Belfast’s Titanic Lockdown Festival cancelled

The festival was scheduled to take place in June but has been cancelled because of poor ticket sales. The Happy Mondays and New Order were billed to headline the event, but yesterday organisers pulled the plug.
They said ticket sales had been “significantly slower than forecast” and, as a result, it was “not possible” to go ahead with the two-day festival. Those who bought tickets for the event, on June 1 and 2 will be given full refunds, and are advised to contact their point of purchase.

Apparently three years of planning had gone into the festival, which was set to take place at a former shipyard hangar directly opposite the old offices of Harland and Wolff in the Titanic Quarter.

It had been described by promoters Hydroponic as a “boutique festival for Belfast’s music lovers” which would have seen New Order make their first appearance in the city for over 20yrs. Other confirmed acts included LTW favourites Factory Floor, along with dub legend Lee Scratch Perry and Anna Calvi.

Initially, public demand was said to be high, however subsequent ticket sales failed to live up to expectation.

News of the cancellation was revealed on Titanic Lockdown’s website. A statement read: “Due to poor ticket sales in a challenging economic climate, it is with great regret and disappointment that we must announce the cancellation of the 2012 Titanic Lockdown summer festival.

“Despite a huge wave of goodwill, ticket sales have been significantly slower than forecast for an event featuring such high profile acts”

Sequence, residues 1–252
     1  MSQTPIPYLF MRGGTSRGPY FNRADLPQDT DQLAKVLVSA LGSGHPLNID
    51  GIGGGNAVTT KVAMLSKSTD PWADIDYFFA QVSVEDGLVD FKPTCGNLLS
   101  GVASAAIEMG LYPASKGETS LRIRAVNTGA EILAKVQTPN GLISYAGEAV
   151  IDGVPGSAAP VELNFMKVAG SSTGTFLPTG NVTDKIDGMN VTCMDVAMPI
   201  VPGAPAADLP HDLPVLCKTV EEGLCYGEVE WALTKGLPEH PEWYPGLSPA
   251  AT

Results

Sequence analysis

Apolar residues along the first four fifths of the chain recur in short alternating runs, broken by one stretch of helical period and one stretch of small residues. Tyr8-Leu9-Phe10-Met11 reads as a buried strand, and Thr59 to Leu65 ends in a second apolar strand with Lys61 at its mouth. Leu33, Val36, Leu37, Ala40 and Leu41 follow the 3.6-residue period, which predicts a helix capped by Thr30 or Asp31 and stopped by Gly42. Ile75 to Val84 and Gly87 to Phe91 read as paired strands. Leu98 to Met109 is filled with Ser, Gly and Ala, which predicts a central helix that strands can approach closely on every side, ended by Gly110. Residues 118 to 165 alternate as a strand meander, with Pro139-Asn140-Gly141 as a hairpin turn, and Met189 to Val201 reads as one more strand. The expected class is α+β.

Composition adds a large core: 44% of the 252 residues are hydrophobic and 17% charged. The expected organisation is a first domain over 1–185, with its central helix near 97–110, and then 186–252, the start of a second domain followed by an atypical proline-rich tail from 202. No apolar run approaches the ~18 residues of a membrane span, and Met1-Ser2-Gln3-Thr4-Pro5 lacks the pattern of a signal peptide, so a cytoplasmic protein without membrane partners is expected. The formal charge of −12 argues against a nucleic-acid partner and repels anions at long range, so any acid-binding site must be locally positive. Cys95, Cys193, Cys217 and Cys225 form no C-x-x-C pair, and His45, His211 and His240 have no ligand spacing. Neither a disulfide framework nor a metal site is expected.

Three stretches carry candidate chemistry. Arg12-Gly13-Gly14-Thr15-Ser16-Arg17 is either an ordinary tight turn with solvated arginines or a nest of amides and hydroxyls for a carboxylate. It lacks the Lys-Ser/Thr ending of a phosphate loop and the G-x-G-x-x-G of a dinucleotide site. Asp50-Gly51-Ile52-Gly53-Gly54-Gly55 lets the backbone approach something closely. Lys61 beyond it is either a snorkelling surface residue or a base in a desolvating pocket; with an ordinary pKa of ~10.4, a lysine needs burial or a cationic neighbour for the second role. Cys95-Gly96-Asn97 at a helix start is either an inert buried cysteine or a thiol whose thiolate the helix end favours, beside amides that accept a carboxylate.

Is this another indication of the current financial climate or simply an indication that there are just too many festivals? Perhaps its the cost of a festival ticket, often over £100 – the initial attraction being a few name bands. Check oot the current debate raging her on LTW ‘Are Gig’s Too Cheap?’

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Phil Newall is 47, from The Wirral - he earns his living not writing about music nor playing music...though sorely wishes he could. He was fortunate enough to see many of the first generation punk bands when they played the U18's matinee shows at Eric's, Liverpool. As an attendee at Eric's he was exposed to punk rock, dub reggae, art rock, and all manner of weirdness; as a customer at Probe Records he was variously served and scowled at by Pete Wylie and Pete Burns - he has written for Record Collector, Whisperin & Hollerin, and Spiral Scratch and wanted to write a book detailing the Liverpool punk scene; however with 'Head-On' Julian Cope beat him to it...and frankly did a much better job.


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